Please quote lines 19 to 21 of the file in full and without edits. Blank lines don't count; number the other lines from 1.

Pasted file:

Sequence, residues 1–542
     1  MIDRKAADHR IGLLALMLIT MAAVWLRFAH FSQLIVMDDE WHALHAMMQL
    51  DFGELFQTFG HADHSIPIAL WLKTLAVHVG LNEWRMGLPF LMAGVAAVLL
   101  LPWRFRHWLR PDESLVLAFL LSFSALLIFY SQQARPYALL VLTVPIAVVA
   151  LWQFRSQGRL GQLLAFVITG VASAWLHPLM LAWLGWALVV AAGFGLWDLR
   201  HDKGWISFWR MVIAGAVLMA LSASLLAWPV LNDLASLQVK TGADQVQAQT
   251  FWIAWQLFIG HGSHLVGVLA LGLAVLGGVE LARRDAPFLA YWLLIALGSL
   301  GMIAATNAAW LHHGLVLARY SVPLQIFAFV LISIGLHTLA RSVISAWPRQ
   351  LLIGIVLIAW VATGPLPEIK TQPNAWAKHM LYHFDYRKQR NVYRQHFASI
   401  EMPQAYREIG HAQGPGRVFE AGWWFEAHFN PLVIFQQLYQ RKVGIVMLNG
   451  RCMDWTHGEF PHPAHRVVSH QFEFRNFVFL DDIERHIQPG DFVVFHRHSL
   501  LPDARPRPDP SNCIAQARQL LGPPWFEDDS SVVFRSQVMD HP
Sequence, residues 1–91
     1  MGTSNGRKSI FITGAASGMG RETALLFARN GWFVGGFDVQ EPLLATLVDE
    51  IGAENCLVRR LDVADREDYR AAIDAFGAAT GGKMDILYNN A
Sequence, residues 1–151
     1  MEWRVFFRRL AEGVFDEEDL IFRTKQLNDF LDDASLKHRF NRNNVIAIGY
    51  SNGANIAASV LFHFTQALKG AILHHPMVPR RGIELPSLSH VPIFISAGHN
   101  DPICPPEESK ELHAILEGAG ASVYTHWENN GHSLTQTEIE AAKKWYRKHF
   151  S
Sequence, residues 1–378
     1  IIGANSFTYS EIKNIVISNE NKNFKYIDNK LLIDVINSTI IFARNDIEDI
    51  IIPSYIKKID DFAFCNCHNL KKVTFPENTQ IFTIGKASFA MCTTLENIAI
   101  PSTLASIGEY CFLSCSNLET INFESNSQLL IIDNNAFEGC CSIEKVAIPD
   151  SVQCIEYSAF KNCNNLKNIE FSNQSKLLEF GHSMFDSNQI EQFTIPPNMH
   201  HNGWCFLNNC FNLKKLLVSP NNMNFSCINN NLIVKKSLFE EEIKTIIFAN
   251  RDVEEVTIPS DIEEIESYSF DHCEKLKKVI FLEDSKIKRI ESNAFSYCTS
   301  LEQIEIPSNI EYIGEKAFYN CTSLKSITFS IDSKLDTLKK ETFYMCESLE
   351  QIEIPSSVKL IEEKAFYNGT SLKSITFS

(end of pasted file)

   101  DPICPPEESK ELHAILEGAG ASVYTHWENN GHSLTQTEIE AAKKWYRKHF
   151  S
Sequence, residues 1–378